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NCCN Guidelines for Patients



Brain Cancer – Gliomas, Version 1.2016







Grade I pilocytic astrocytomas are often cured

with surgery.



Surgery is often used to confirm the diagnosis

and treat astrocytomas of all grades. If the

cancer is grade III or IV, carmustine wafers

placed into your brain during surgery may be

an option. MRI is needed after major surgery to

assess how much of the cancer was removed.



More treatment is often received after surgery.

Only some grade II astrocytomas may be

observed rather than treated. Deciding

factors for more treatment differ between

cancer grades. In general, radiation therapy,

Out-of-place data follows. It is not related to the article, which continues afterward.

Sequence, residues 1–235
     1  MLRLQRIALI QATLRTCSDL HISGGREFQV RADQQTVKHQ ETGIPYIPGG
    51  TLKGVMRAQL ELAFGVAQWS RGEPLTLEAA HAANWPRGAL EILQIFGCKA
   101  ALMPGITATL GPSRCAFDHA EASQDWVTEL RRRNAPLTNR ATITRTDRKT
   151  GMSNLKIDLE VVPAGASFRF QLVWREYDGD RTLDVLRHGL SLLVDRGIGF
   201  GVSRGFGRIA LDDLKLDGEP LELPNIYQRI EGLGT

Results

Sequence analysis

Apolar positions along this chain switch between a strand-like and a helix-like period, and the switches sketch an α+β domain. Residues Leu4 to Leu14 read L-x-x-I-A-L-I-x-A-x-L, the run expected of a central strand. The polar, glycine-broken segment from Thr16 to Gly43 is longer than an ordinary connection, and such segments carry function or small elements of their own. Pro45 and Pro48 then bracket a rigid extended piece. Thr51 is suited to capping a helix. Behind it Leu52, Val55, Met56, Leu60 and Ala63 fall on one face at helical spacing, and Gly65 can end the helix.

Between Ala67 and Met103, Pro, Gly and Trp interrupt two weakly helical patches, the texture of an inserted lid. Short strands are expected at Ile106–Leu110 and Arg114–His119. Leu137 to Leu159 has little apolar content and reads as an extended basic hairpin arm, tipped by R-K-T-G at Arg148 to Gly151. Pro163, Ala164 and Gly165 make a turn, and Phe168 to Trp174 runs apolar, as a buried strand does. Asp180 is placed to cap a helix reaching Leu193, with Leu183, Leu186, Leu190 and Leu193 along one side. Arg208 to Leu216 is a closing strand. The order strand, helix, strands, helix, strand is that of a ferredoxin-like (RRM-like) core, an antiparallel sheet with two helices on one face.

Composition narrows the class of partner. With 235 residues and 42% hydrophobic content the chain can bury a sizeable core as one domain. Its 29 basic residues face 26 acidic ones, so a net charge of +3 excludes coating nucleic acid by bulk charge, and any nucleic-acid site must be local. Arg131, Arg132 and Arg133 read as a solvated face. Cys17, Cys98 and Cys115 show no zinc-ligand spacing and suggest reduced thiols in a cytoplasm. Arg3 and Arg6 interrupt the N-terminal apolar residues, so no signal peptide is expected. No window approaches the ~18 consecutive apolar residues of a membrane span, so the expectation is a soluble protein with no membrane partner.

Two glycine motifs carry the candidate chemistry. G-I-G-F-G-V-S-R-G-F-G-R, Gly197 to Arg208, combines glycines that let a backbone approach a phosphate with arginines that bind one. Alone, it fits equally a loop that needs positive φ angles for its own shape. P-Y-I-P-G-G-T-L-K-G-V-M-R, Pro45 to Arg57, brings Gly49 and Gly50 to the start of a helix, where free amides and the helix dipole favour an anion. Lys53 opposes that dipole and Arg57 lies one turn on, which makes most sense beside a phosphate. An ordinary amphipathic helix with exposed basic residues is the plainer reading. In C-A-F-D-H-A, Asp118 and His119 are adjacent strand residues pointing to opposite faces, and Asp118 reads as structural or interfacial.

chemotherapy, or both are received. Alternating

electric field therapy may be added to treatment

for glioblastomas.



MRI scans are needed on a regular basis to

track treatment results.



If a grade II astrocytoma returns, surgery may

be an option. Treatment after surgery depends

on your treatment history. You may receive

radiation, chemotherapy, or both. Likewise,

radiation, chemotherapy, or both may be

received if surgery isn’t an option.



If a grade III or IV astrocytoma returns,

treatment options depend on where the cancer

is and its extent. Surgery may be an option

followed by chemotherapy, radiation, or for

glioblastoma, alternating electric field therapy.

When surgical treatment isn’t an option, other

options include chemotherapy, surgery for

symptoms, alternating electric field therapy

(glioblastoma), and supportive care.